Dust collector

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old-delta

Wes
Senior User
Opinions please.
Using 15" surface planer, downdraft sanding table and cabinet saw. A 2hp or a smaller 1.5 hp collector? I definitely will go with canister over bag. New? Used? Any thoughts or opinions based on experience. Thanks guys.
 

Fishbucket

Joe
Senior User
2 hp. Or bigger if you can, or think you'll expand your shop.

drum sanders and planers really need a lot of CFM.

m2c
 

SubGuy

Administrator
Zach
I would seriously consider a 3hp 2 bagger if you can swing it. Especially used. Also a separator make a big difference in collection.
 

Rushton

Rush
Senior User
The key question to ask yourself is "What do you want to accomplish?" Do you (1) just want to collect the dust/chips that otherwise land on the floor and bench tops to minimize sweeping up, or (2) are you concerned about eliminating the micro-dust particles the end up in your lungs and can cause the most serious health problems. If the former, you have lots of choices in the 1 1/2 to 2 horsepower range. If the latter, go to 5 horsepower and a system that can use 6" or larger ducts brought all the way to the machine.
 

luckyGoose

New User
Yogi
If you want fine dust collection at source, you have to factor in duct size, port size and the motor power for the DC. Ideally, you'd need a 5hp motor with 6" ducting and 6" ports, but that's a size-able investment. Alternatively, you could set up a 3hp DC with a thien baffle, but to maximize suction power, only connect it to one machine at a time.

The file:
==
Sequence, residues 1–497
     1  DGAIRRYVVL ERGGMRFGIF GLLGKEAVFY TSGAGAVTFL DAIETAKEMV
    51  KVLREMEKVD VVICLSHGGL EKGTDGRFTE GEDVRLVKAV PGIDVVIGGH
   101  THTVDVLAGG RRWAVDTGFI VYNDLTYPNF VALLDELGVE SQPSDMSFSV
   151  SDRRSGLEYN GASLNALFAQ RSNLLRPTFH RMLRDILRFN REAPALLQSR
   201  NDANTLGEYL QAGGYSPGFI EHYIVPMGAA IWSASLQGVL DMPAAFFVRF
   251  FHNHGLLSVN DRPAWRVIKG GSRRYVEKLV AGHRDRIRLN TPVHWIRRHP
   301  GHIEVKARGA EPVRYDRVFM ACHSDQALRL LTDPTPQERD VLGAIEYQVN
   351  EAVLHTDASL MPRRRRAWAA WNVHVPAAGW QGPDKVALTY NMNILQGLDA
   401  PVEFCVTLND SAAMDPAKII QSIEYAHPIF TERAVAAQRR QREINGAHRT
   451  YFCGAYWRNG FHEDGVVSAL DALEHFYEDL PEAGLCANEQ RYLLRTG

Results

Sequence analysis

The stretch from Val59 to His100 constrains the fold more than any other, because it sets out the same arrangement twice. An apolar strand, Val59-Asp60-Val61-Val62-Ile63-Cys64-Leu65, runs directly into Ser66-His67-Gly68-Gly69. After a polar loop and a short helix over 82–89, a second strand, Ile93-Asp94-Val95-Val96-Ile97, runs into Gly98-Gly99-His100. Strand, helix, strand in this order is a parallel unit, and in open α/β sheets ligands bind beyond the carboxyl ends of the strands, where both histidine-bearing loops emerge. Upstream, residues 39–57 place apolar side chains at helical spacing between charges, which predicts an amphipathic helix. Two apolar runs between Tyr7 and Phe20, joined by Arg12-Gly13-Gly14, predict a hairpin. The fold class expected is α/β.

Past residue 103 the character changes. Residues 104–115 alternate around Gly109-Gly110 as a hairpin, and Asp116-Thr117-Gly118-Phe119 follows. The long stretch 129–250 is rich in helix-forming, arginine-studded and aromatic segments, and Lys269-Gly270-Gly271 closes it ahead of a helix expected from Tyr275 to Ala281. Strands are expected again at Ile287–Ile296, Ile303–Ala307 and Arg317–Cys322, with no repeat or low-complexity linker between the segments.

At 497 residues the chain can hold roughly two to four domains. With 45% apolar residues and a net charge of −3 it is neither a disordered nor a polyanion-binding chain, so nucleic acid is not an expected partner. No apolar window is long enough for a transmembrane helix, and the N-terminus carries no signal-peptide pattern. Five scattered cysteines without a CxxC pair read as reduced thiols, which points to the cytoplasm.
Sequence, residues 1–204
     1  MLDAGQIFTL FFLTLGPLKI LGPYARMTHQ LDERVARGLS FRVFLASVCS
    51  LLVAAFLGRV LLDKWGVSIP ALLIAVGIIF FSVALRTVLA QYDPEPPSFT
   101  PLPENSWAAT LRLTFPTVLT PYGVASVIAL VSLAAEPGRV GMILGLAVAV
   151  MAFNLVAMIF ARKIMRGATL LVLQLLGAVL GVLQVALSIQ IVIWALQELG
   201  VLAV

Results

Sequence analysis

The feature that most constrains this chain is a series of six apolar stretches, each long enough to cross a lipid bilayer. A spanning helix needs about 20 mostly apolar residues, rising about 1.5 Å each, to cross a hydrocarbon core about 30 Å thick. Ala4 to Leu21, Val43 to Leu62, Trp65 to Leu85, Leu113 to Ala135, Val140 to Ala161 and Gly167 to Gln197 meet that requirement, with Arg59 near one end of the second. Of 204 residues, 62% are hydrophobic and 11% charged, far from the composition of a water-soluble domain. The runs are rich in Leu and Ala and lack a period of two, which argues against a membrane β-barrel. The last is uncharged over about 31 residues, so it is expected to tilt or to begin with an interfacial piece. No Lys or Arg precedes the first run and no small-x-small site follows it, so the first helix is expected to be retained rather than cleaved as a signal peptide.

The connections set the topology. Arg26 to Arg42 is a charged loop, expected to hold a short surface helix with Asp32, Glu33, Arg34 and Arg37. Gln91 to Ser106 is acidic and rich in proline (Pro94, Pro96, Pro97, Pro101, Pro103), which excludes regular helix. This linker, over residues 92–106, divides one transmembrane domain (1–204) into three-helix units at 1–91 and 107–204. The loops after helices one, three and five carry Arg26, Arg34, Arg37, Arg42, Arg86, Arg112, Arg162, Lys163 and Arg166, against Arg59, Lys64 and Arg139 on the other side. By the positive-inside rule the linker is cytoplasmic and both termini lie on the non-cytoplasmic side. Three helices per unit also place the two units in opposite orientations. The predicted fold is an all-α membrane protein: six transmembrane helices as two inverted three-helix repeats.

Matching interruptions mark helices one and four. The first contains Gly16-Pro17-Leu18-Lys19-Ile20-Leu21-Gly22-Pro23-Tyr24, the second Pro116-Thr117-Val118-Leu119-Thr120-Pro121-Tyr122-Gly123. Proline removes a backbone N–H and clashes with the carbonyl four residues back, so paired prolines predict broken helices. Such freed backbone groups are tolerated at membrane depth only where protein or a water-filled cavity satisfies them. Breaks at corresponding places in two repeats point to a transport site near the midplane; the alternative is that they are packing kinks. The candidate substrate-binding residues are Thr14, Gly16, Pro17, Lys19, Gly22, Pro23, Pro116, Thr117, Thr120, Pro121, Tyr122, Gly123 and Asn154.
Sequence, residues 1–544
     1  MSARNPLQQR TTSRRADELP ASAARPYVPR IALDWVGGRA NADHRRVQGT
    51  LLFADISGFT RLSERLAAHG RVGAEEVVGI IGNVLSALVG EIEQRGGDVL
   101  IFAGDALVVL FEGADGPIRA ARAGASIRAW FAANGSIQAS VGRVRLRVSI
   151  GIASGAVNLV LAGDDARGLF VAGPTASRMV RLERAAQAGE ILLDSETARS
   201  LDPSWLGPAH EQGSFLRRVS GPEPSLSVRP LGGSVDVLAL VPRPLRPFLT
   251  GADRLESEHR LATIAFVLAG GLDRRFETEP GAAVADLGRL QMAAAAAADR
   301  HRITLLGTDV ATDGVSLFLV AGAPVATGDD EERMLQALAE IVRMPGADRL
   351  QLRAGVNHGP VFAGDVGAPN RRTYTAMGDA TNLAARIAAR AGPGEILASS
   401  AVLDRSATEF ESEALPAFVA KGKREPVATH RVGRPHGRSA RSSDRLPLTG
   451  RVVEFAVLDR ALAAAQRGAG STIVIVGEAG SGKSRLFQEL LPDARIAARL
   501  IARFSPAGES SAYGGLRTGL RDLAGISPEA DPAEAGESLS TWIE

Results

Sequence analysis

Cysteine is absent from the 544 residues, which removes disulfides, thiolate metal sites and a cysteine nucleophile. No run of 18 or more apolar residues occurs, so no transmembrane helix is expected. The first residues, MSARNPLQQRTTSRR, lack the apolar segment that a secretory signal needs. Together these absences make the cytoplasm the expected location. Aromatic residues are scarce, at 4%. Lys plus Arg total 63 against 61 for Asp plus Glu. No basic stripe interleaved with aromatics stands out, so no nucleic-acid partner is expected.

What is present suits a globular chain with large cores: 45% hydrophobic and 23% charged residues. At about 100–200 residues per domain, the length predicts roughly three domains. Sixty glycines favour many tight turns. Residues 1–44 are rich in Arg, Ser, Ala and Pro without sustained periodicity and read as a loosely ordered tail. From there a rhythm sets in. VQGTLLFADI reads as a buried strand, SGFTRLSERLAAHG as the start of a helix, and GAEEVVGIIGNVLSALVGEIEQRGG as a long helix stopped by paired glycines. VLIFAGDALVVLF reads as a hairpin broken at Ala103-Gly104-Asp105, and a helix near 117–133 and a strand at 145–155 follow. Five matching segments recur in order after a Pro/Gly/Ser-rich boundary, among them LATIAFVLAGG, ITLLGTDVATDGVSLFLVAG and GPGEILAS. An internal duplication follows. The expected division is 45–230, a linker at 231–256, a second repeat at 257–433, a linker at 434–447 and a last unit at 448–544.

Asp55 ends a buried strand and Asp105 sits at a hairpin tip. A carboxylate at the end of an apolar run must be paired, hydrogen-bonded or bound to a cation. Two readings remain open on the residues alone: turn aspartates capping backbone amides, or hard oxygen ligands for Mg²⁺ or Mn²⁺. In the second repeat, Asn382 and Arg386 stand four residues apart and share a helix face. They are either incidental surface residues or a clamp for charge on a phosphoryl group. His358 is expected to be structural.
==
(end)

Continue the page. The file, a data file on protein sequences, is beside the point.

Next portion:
I had a 2hp motor and that barely sucked in half the dust from the planer, and it couldn't handle the dust from the tablesaw blade guard. I went with a 5hp clearvue and still think it's the best investment I made for keeping my shop clear. Also, I built the air cleaner per Bill Pentz design, that helps too.
 

Rushton

Rush
Senior User
...I had a 2hp motor and that barely sucked in half the dust from the planer, and it couldn't handle the dust from the tablesaw blade guard. I went with a 5hp clearvue and still think it's the best investment I made for keeping my shop clear. Also, I built the air cleaner per Bill Pentz design, that helps too.
Agree on both counts. I have a limited number of machines in my basement workshop and do mostly hand tool work, but the first machines I've installed are the 5HP Clear Vue CV1800 cyclone dust collector and the air cleaner per Bill Pentz's design. It always amazes me how much dust gets into the air just with hand tools, so the air cleaner is a must. The 5HP cyclone with 6" ducts to the source captures the vast majority of dust that the machines throw off. I consider these the most important machines in my shop.
 

Jeremy Scuteri

Jeremy
Staff member
The 5HP cyclone with 6" ducts to the source captures the vast majority of dust that the machines throw off.

Just to play devil's advocate, how do you know you are collecting the vast majority of the dust that the machines throw off? We know that micro-dust particles aren't visible, so how are you measuring the dust concentration to know what you are and are not collecting. Another user, gmakra (George) has me questioning some of the "conventional wisdom".
 

Rushton

Rush
Senior User
Just to play devil's advocate, how do you know you are collecting the vast majority of the dust that the machines throw off? We know that micro-dust particles aren't visible, so how are you measuring the dust concentration to know what you are and are not collecting. Another user, gmakra (George) has me questioning some of the "conventional wisdom".